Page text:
Is there room for a third Miliband in the Labour leadership contest? In this guest post for Next Left, Harry Barnes, Labour MP for North-East Derbyshire from 1987 to 2005, reports from a Dronfield Labour Party discussion on 'Who are the Milibands' which focused on the ideas of Ralph Miliband, Marxist theorist and father of two candidates in the 2010 contest.
Barnes also asks party members and affiliates to support a call on candidates to issue manifestoes of intent to help to open up debate about the party's values and direction.
Many people think that having two Milibands in the Labour leadership contest is at least one too many. I think that it is not enough.
It would be rather good to have the ideas of Ralph Miliband their late father, emerging at the hustings.
He was a leading Marxist intellectual who had a firm analysis of the class nature of society and argued for the need for serious moves to build socialism. Increasingly he came to stress that the means to socialism needed to be fully democratic - as did its eventual operations. He saw the need for democracy to seep into the very bones of society and not just to be confined to the parliamentary game.
His views were encapsulated in his final book “Socialism for a Sceptical Age” (Polity Press, 1994) when he wrote “(t)here are in effect three core propositions or themes which define socialism, all three equally important, and each related to, and dependent upon, the others. These are democracy, egalitarianism, and socialization of a predominant part of the economy.”
Admittedly as early as the mid 1950’s Ralph had became disillusioned with the Labour Party. In his first book “Parliamentary Socialism” (Merlin Press, 1961) he opened by claiming that “(o)f political parties claiming socialism to be their aim, the Labour Party has always been the most dogmatic - not about socialism, but about the parliamentary system. Empirical and flexible about all else, its leaders have always made devotion to that system their fixed point of reference and the conditioning factor of their political behaviour”. None of this was good enough for Ralph and I doubt whether he would have shifted his ground if he had known that half a century later one of his sons might be one of those leaders.
Yet Ralph’s rejection of the Labour Party did not mean that he turned instead to the Communist Party or to Trotskyist Groups. His approach was to seek build an alternative to Labourism in the shape of a genuine Democratic Socialist Party, based on the principles of the society it attempted to prefigure. He pursued this line even when he was limited to mainly keeping the intellectual vision alive with like-minded people via his talks, discussions, writings and his politicking. This was reflected in the work he did with John Saville in setting up, jointly editing and contributing to the annual publication “Socialist Register”.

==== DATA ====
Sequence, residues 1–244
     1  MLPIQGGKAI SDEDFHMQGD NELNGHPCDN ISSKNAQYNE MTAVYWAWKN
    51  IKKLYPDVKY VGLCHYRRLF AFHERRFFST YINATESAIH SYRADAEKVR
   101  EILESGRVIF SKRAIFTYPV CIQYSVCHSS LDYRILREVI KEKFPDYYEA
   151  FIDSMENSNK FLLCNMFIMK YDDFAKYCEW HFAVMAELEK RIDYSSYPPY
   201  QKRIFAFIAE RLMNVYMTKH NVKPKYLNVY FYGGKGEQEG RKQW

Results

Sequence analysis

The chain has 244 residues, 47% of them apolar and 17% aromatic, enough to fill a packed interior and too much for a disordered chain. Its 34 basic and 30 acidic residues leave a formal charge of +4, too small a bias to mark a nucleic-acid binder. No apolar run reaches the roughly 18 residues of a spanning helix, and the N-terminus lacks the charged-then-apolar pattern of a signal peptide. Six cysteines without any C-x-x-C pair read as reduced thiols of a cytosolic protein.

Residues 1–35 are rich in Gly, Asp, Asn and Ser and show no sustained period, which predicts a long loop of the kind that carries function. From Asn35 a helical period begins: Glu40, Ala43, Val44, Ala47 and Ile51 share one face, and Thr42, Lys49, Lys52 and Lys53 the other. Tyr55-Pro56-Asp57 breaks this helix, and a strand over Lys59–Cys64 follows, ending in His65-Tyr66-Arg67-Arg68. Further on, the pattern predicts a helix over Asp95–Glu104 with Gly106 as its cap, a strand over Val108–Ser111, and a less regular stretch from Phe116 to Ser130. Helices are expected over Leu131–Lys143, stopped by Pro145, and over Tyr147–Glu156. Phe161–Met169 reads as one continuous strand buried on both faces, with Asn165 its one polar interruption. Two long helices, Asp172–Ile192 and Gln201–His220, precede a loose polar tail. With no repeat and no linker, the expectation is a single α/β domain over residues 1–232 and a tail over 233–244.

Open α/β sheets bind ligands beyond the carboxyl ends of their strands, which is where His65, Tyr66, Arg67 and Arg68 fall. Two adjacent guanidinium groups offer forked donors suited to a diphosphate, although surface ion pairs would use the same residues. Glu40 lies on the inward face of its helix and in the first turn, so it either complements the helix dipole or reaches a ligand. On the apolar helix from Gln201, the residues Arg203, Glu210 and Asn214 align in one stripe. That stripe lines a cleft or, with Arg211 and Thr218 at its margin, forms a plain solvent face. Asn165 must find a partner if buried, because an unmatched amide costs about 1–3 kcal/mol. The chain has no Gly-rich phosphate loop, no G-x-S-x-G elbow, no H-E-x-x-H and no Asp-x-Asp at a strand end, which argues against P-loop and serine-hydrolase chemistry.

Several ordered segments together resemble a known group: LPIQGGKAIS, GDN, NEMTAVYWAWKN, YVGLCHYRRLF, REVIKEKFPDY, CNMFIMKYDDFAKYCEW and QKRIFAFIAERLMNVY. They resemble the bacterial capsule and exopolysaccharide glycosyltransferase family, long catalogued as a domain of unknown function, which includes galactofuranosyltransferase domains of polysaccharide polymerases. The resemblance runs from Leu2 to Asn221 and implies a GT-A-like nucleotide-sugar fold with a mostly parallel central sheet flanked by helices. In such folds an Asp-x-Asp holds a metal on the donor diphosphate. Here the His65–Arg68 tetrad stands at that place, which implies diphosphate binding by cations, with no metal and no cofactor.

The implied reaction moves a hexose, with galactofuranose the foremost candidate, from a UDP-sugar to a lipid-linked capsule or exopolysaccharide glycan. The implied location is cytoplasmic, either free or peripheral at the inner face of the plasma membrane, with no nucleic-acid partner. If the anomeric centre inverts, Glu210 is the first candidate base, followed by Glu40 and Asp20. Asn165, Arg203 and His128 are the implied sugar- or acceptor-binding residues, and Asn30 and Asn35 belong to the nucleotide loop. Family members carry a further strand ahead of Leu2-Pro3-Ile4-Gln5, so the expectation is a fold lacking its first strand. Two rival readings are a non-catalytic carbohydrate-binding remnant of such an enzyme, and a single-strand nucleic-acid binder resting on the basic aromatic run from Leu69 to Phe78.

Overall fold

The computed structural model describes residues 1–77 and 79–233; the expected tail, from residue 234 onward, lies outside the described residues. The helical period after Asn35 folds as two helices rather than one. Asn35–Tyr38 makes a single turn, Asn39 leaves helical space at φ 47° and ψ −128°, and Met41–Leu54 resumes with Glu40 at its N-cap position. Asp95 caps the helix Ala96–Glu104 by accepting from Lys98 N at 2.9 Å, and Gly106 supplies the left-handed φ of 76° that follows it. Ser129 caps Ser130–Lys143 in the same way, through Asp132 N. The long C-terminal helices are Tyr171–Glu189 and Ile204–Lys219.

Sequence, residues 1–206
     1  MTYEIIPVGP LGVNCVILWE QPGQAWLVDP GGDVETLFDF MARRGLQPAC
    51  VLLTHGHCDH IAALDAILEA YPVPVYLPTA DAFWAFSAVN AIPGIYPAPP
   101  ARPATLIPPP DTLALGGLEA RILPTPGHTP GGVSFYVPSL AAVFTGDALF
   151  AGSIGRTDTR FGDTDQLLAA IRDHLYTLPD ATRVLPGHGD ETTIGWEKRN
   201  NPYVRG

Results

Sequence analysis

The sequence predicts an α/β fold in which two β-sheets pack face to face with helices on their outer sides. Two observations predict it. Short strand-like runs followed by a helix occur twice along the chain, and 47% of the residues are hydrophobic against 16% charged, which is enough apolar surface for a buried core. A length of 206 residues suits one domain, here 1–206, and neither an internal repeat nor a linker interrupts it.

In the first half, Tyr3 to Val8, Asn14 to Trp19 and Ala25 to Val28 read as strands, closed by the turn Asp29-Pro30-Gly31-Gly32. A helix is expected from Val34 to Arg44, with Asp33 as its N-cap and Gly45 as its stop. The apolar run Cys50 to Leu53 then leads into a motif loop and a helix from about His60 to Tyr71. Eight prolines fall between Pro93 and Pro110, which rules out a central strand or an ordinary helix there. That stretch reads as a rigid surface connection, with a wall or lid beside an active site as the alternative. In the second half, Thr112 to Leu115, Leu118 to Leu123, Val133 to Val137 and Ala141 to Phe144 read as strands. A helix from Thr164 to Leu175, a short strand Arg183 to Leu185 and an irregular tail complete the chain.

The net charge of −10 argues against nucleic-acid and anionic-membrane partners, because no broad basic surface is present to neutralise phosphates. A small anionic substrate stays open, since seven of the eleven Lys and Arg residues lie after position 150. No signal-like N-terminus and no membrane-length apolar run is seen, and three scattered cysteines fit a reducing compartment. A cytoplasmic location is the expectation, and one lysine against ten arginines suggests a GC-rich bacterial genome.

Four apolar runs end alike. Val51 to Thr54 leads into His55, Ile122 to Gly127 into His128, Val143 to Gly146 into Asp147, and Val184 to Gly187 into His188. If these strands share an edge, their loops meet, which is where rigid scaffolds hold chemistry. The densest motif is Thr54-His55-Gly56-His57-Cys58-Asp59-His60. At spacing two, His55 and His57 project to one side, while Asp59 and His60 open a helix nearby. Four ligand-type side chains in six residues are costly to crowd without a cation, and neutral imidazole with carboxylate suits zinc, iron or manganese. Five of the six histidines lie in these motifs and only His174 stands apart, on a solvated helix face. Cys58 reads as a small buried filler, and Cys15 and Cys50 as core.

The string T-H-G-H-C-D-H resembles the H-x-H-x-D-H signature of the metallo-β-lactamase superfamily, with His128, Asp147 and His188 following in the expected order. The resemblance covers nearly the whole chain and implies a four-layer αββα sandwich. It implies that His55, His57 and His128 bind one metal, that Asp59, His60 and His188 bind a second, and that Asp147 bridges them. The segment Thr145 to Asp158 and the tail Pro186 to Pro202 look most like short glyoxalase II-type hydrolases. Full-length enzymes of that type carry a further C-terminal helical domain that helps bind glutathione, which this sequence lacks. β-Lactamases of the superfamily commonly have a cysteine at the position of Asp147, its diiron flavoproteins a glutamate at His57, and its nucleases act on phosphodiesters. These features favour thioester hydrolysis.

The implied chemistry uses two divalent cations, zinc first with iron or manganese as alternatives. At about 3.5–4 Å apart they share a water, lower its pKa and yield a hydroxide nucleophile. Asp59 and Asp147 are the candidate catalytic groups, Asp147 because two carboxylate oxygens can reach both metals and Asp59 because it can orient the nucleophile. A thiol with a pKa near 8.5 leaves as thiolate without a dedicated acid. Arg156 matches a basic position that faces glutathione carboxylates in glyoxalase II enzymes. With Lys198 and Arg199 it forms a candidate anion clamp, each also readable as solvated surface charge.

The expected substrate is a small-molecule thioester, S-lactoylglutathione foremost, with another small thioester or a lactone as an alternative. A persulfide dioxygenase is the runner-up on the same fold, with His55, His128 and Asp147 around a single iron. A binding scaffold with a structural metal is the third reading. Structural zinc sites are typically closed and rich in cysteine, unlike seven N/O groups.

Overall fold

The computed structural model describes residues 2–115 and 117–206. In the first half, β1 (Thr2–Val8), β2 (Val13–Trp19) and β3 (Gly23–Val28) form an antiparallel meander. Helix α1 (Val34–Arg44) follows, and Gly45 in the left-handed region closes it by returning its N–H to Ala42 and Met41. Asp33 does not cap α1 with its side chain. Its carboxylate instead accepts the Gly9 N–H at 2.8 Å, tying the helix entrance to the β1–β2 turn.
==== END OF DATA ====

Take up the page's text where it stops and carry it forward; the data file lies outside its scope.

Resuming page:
Ralph did, however, still canvas for left-wing Labour candidates and developed links with Bennites. He took his two sons with him on many such activities. In fact David and Ed were so steeped in his political life-style that when he wrote a long political letter to the young Ed he added “(i)f anyone else read this and did not know the way we talk, or you talk, they would think I was crazy to be writing this to a twelve year old boy; but I know better, and find it very nice”.
Given the active interests of both Ralph and his wife Marion Kozak, politics was natural to David and Ed wherever it would lead them. When they were children, Ralph dedicated his book “Marxism and Politics” (Oxford University Press, 1977) to them. By the time they were 20 and 24, the acknowledgement in his “Divided Societies” (Oxford University Press, 1989) recognised their contributions through his “many discussions” with them. When they reached 25 and 29, their contributions had seemingly turned to criticisms. For in “Socialism for a Sceptical Age” published in 1994, Ralph stated that it gave him “great pleasure to acknowledge the very helpful (and stringent) criticisms I have received from David and Edward Miliband. The book owes much to the advice I have received, even if I have not always followed it”.
But how can we now get Ralph’s democratic socialist values into the leadership debates, when the sons have clearly moved outside of his frame of reference?